• Save up and pay cash: Save for the item you want and pay cash for it. By the time you have enough money you may realize you don’t want it anymore.
  • Ask yourself if you really need it: Ask yourself, “Do I really need this? If I get it, will my life be significantly improved? If I don’t get it, will my life be substantially diminished?”

When you think consciously about your purchasing decisions, and actually ask yourself if you NEED the things you buy, you’ll be well on your way towards living a less cluttered and more fulfilling life. You might even be able to save some money in the process!

Have you found yourself rationalizing your purchases by telling yourself that you “need” it? Tell us about it in the comments.

Last Edited: 10th February 2014

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  1. says

    Completely agree. I have a sense of entitlement that I became accustomed to because of how I grew up. I need to periodically do some self-analysis of my motivation when it comes to money. Am I buying this because of marketing pressures and I think I’ll look cool, or is it really going to provide value for me and my family?

    Thanks for the good article.

  2. Lee says

    I sure wish I would have read this before I went shopping at WalMart today! Ugh, I really blew it with impulse buys and just buying lots of groceries when I didn’t really need so much. I got the stimulus payment for the children, which I wasn’t sure we were getting, so I got happy spending. Now I’m not so happy. -sigh- You are so right with your post…we really have to think about our wants and needs. And hopefully, we’ll learn from our mistakes…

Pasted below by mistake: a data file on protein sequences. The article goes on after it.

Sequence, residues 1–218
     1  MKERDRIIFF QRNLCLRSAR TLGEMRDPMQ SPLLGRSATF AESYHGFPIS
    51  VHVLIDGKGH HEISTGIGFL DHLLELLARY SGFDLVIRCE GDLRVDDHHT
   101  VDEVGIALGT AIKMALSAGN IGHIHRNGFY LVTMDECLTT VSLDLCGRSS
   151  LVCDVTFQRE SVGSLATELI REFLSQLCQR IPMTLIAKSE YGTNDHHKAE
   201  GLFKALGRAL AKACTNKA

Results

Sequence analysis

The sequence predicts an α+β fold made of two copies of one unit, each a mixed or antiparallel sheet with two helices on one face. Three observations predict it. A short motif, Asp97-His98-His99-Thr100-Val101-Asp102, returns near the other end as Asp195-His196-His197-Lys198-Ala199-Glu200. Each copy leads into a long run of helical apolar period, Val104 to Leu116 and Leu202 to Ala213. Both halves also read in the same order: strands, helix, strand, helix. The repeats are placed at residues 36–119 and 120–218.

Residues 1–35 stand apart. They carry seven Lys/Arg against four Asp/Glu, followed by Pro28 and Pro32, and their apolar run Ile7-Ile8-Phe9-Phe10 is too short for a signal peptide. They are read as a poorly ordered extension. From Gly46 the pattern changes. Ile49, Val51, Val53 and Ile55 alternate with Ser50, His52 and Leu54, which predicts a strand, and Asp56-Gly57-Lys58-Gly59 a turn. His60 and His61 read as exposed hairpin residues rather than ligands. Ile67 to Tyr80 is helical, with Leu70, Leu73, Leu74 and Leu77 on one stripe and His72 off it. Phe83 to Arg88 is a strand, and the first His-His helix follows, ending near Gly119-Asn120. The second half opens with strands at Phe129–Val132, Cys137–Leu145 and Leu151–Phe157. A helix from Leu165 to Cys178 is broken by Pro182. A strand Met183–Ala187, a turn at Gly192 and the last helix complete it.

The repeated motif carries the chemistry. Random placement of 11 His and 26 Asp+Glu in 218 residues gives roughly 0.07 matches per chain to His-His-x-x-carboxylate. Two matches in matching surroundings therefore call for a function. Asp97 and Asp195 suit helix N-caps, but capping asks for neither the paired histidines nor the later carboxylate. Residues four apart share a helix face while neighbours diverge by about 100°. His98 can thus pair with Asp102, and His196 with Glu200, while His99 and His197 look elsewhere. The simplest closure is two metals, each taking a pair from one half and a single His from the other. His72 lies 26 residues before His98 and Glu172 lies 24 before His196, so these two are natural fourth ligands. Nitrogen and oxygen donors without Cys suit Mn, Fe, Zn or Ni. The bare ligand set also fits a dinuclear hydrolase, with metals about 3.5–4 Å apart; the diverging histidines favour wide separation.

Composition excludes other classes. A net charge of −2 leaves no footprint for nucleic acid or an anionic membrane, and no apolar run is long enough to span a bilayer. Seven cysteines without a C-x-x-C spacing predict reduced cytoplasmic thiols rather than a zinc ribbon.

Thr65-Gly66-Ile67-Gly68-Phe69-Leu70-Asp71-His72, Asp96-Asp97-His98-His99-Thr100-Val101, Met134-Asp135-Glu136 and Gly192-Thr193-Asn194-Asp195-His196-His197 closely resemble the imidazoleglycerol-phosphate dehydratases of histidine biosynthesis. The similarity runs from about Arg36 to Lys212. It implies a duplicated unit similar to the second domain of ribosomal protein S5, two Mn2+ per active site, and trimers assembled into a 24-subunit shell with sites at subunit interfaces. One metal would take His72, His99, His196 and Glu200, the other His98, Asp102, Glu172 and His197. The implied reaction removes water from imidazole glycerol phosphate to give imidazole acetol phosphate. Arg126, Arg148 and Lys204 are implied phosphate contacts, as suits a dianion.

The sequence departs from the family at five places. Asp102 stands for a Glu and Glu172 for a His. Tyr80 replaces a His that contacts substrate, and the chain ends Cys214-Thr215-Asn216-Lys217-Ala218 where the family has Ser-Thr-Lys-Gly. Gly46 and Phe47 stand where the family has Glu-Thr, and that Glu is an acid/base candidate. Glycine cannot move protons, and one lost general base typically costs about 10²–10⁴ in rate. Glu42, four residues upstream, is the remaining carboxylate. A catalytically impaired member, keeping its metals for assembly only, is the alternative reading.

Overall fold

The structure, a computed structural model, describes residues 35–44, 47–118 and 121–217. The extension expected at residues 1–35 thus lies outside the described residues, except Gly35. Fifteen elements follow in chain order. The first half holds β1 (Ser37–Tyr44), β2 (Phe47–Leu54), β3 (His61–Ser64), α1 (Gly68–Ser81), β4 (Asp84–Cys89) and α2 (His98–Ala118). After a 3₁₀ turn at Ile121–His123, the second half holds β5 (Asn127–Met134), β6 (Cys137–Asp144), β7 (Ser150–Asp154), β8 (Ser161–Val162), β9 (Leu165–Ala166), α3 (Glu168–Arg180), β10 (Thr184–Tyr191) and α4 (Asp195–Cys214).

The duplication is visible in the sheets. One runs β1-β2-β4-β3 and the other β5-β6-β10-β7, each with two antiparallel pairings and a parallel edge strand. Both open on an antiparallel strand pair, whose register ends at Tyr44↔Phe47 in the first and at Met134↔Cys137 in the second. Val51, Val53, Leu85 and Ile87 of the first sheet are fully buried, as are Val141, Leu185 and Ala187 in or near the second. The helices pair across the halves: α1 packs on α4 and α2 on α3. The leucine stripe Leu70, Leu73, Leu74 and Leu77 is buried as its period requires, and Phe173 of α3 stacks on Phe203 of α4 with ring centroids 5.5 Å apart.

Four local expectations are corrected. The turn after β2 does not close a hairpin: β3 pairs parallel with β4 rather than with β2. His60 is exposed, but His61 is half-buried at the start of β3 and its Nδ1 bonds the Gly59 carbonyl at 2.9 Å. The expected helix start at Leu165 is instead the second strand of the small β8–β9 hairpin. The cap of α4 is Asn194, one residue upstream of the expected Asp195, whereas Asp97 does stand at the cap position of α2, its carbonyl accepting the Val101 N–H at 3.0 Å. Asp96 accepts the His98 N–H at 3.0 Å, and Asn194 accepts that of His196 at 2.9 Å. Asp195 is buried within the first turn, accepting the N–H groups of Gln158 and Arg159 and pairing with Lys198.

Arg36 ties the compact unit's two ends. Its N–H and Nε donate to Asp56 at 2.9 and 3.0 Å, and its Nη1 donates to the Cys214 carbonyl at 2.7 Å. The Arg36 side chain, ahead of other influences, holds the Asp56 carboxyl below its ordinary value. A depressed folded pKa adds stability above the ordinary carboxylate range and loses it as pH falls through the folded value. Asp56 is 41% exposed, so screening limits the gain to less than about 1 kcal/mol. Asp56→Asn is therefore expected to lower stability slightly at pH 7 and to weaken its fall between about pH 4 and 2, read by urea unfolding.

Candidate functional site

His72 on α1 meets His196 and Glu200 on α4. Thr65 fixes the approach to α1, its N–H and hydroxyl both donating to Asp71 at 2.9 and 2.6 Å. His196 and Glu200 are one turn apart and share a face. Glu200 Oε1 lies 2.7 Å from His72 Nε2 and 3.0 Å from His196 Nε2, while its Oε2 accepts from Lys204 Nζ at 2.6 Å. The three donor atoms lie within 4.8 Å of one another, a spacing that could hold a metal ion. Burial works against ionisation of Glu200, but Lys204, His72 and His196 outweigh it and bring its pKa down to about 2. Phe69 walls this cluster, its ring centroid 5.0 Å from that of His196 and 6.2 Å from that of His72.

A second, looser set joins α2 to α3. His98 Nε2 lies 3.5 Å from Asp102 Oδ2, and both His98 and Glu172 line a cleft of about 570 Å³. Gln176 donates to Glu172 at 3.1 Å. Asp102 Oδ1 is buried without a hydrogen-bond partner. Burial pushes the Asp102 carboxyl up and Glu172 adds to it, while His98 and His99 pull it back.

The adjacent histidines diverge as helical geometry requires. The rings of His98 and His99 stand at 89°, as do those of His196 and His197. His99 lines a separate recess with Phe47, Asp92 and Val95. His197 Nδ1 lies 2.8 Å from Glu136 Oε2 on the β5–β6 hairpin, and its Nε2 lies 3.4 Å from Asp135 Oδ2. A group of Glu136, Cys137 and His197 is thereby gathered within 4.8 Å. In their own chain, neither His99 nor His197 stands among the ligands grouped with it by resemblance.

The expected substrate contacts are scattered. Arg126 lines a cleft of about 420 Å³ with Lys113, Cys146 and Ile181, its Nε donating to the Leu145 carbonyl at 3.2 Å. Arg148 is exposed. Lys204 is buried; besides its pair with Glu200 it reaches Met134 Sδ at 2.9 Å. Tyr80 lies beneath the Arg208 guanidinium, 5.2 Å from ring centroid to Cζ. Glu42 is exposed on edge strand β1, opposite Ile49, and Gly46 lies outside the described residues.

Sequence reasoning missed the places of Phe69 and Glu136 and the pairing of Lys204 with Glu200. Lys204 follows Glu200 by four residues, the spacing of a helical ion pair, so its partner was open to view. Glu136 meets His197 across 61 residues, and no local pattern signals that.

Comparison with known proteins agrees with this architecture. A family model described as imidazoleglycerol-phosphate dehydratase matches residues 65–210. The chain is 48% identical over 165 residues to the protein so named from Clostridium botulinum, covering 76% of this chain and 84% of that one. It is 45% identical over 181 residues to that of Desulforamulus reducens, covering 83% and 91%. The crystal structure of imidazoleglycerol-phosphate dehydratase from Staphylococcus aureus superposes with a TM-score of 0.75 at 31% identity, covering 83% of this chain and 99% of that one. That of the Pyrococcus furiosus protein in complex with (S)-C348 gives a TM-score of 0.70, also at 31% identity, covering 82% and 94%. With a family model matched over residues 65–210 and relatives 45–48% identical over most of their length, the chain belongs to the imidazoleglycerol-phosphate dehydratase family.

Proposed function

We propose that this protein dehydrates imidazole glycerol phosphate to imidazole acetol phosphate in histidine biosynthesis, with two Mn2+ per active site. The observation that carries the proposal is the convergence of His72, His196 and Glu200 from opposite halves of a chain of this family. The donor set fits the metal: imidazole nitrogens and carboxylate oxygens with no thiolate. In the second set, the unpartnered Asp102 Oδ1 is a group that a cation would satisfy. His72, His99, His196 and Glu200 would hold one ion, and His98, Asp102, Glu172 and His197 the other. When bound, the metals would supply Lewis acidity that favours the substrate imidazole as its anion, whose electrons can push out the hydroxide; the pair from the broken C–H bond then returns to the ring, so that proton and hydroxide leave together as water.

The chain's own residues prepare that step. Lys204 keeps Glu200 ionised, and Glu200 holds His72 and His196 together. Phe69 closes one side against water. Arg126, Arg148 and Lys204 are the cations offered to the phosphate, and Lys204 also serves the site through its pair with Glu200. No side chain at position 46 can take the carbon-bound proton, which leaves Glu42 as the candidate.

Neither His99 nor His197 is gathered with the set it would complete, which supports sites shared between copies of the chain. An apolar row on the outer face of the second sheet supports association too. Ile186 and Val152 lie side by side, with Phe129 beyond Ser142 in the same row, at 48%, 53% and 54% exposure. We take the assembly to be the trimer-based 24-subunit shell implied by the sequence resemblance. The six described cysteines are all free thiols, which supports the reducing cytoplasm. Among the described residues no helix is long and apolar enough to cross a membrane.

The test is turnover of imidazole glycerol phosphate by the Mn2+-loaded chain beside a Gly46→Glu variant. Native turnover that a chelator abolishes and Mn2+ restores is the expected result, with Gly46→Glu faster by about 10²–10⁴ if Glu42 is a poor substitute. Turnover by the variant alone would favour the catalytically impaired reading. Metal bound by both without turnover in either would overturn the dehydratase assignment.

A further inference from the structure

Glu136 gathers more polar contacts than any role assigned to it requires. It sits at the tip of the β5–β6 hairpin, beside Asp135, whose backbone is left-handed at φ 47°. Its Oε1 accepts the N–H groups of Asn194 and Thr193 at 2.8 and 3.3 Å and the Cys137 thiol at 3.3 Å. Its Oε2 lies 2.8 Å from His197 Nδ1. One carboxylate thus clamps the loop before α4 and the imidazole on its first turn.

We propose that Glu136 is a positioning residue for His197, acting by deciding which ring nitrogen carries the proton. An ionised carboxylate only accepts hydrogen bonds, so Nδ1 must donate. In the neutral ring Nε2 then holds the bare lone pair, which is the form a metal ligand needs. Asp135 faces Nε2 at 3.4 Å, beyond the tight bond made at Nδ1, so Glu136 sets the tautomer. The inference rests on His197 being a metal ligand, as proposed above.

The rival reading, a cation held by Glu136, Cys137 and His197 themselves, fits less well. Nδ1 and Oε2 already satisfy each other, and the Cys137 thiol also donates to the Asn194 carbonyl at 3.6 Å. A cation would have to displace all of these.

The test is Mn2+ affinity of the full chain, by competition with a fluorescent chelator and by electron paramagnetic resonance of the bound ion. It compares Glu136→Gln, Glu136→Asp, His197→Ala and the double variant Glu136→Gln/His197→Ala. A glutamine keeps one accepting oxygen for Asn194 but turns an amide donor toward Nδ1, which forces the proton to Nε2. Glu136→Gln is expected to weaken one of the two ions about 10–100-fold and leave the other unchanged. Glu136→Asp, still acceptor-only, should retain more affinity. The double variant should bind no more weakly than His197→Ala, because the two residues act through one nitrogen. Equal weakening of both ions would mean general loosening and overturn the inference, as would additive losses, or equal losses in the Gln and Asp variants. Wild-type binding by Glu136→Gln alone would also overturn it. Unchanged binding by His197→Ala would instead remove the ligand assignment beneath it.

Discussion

3. Foxie says

    Ew, Rolls Royce. Certainly not my favorite car in the world, I think I’ve maybe seen one in my life so far? (I’ve seen more Bentleys, for sure. I like Bentley’s styling more anyways…) Either way, those aren’t for me. I like ’em small and fast. ;)

    I can say this, though: Do I need a Ferrari? Nope! But I sure do want one. Not just to have it, though. I want the freedom to have the entire experience whenever I want. (I’d be devastated having to return a Ferrari after renting it for a day.) No, objects can’t make me happy, but experiences can sure cheer me up. I’ve always found driving to be extremely pleasurable, so it’s more of an investment in my passions. :) (I certainly have no desire for a home any larger than 1,000 square feet. I don’t want to go all out, I want to emphasize those few things in life that are near and dear to me, not “having it all.”)

    That’s how I see it, anyhow. And, over time, Ferrari’s have the potential to regain value. Check out the prices of the F40’s and F50’s. Worth more now than when they were brand new!

    Foxies last blog post..Is it Really Important?

  4. says

    We were considering buying a brand new car for me……..but after discussing adding an extra $250.00 per month to our budget, we opted to spend only about twice that much and have repairs done on my car that would prolong it’s life for quite a while. Sure, a new car would have been nice….for the first few weeks, that is. After the intial “newness” wore off, it would have just been another car, but with a substantially larger payment than the one I have now. We are very happy with our choice.

  5. says

    It’s so easy to just buy that big expensive TV. I applaud you for not buying a new TV that you really did not need. We all need to learn from this post. I almost bought a new car recently that I decided not to buy. It turned out to be a good decision.